By Heather Hoch
By Eric Schaefer
By New Times
By Rachel Miller
By Eric Schaefer
By Heather Hoch and Lauren Saria
By Robrt L. Pela
By Heather Hoch
Leccabaffi Ristorante, 9719 North Hayden, Scottsdale, 609-0429. Hours: Lunch, Tuesday through Friday, 11 a.m. to 2 p.m.; Dinner, Tuesday through Sunday, 5 to 11 p.m.
My fellow citizens: Today, I announce my candidacy for governor. If my write-in campaign is successful, the people of this great state can count on the following reforms:
1. A new month--Seftelber--will be interposed between November and December. This will have the dual effect of keeping Christmas from rushing upon us so soon after Thanksgiving, as well as prolonging autumn for 30 days.
2. On the last Sunday in March, while the rest of the country is setting its clocks one hour ahead, Arizonans will set their clocks back 40 years. That way, while everyone else is dealing with an uncertain future, we'll be able to enjoy "the good old days."
3. Per the Second Amendment: A well-regulated militia, being necessary to the security of a free state, the right of the people to keep and bear tactical nuclear weapons shall not be infringed.
4. I will get rid of the state income tax. To make up for the budget shortfall, rights to rename "Arizona" will be auctioned off to the highest bidder. "Colangelostan" has a nice ring to it, don't you think? So does "Sumitomoland."
5. It's time to take back the neighborhoods. The Seftel administration doesn't believe in coddling criminals. Our policy toward lawbreakers--be they drug pushers, flim-flam developers or jaywalkers--can be summed up in two words: lethal injection.
6. Nothing is more important than education. I pledge to raise state standards by deporting to New Mexico any student who can't maintain a C average.
7. The number of Italian restaurants has gotten way out of hand. Therefore, no one shall serve veal, pasta or tiramisu without the governor's approval.
If I am elected, my first official act will be to certify Leccabaffi. Just a few months old, this Scottsdale operation has hit the ground running, dishing out big-time fare--and at big-time prices.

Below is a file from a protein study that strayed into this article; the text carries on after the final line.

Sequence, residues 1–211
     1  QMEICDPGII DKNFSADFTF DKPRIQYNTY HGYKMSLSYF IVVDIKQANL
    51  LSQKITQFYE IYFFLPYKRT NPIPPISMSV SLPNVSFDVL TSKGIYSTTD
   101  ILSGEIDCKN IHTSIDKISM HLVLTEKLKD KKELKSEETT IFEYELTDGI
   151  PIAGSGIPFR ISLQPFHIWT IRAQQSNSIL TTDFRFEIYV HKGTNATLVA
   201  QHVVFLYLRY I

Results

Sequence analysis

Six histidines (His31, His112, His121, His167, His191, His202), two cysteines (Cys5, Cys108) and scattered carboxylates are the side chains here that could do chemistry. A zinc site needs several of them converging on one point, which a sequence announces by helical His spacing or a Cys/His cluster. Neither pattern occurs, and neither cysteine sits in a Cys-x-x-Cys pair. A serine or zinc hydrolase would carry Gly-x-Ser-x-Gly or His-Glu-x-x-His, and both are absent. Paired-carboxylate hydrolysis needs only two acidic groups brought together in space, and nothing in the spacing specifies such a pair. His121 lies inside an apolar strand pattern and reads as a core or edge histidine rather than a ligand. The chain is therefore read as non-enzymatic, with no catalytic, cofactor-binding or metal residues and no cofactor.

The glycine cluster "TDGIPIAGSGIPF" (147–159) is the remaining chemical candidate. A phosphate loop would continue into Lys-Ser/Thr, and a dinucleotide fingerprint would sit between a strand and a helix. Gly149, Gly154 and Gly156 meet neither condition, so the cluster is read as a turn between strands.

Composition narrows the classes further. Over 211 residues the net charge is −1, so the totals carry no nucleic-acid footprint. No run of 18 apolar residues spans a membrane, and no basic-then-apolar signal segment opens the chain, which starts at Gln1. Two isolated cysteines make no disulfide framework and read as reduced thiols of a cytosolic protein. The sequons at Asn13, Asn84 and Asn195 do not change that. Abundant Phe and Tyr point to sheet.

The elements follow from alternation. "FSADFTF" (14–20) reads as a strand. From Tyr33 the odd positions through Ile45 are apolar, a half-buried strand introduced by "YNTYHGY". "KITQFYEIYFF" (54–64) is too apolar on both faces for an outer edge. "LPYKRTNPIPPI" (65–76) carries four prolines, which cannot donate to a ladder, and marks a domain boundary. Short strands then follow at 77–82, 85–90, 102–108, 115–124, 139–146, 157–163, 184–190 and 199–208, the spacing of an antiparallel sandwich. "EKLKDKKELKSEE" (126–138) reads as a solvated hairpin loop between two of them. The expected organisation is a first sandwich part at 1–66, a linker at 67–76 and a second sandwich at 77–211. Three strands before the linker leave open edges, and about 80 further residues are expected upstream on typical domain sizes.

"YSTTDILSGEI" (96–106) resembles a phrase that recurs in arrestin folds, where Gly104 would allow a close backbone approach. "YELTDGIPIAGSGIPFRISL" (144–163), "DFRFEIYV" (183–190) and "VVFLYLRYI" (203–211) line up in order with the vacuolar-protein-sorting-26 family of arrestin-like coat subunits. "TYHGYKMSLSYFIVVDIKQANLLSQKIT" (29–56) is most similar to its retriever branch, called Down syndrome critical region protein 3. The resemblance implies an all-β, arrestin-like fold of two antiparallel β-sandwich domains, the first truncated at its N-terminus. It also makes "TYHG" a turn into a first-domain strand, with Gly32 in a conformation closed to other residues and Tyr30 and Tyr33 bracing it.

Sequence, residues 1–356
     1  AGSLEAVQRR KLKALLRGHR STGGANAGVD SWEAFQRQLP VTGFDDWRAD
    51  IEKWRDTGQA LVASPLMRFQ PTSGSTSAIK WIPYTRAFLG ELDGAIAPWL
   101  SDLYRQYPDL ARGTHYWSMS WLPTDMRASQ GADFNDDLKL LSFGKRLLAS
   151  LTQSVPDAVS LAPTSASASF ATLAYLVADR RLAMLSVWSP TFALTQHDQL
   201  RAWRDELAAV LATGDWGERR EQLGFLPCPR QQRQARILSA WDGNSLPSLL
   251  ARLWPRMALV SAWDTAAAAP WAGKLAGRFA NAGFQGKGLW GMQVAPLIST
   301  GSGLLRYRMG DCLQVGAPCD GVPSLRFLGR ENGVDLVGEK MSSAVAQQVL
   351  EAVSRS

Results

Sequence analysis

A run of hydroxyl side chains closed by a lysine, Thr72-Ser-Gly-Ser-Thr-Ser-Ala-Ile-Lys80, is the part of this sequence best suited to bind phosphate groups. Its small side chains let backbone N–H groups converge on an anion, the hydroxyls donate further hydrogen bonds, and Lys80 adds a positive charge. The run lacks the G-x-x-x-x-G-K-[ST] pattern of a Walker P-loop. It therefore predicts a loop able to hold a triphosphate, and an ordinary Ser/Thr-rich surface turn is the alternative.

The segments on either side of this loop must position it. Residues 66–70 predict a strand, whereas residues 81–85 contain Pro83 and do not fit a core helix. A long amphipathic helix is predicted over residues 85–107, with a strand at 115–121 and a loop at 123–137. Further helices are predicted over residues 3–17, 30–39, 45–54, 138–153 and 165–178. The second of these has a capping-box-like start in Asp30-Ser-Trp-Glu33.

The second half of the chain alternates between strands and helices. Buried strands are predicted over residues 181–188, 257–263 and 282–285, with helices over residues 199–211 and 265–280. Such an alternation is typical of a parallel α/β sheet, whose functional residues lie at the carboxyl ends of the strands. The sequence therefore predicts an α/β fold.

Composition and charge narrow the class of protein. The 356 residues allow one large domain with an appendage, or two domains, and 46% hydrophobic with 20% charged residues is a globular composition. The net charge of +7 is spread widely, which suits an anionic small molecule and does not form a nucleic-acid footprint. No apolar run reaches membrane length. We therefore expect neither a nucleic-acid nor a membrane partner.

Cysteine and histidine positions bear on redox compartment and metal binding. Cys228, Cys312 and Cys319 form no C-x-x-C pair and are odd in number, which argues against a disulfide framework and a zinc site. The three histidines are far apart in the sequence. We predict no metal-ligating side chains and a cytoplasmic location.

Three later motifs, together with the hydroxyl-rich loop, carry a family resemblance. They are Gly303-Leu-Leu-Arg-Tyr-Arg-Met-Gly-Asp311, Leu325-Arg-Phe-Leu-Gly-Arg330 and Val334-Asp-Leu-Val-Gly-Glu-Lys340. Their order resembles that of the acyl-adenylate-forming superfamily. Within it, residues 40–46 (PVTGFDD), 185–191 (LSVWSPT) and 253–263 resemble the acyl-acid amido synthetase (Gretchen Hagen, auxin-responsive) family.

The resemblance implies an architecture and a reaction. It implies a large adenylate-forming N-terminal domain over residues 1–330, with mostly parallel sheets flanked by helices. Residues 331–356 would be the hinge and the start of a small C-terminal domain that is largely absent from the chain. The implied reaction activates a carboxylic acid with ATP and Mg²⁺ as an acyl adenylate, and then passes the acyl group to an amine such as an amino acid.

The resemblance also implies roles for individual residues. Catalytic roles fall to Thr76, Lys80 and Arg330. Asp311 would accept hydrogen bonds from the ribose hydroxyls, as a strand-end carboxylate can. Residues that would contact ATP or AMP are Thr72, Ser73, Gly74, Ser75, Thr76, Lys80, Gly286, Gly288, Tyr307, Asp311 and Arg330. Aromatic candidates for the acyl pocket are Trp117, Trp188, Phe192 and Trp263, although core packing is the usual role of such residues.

It's not surprising that Leccabaffi has gotten off to a fast start. The chef/proprietor is hardly a novice--he used to run La Bruschetta until he shut it down about five years ago to go off to San Francisco.
It's clear that Leccabaffi's setting has received as much attention as the food. The last two places at this address--a burger shop and Caribbean fast-food spot--didn't have much design pizzazz. But now the space has been transformed. Just inside the entrance stands a table heaped with a tempting array of grilled, marinated and sauteed vegetables. A few steps past, you'll notice a stack of wood, destined for the wood-burning oven. An Italian market-scene mural livens up one wall, while the open kitchen and cheery staff inject casual notes. And once you're seated, perfect lighting, hefty silverware, proper wine glasses and eye-catching, cobalt-blue bread plates make an extremely favorable table impression.
So does almost everything on the menu. Leccabaffi, I'm told, means "lick the mustache." I see what the chef means--it's what you'll want to do after you've scraped these plates clean.
Meals begin with wonderful focaccia and chewy, crusty slices of Italian bread. If you're watching your budget, you can always fill up on bread and skip the $8 to $10 appetizers. But while that tactic may make financial sense, it doesn't make gastronomic sense.
Plump, house-cured anchovies teamed with celery and Parmesan cheese are a vigorous way to edge into dinner. So is prosciutto accompanied by thin slices of pear and pecorino. And I haven't run into any other local Italian restaurant offering smoked scamorza, a cousin of mozzarella. The kitchen here presents it beautifully, sending out a grilled disk embellished with radicchio, roasted onions and portabella mushroom.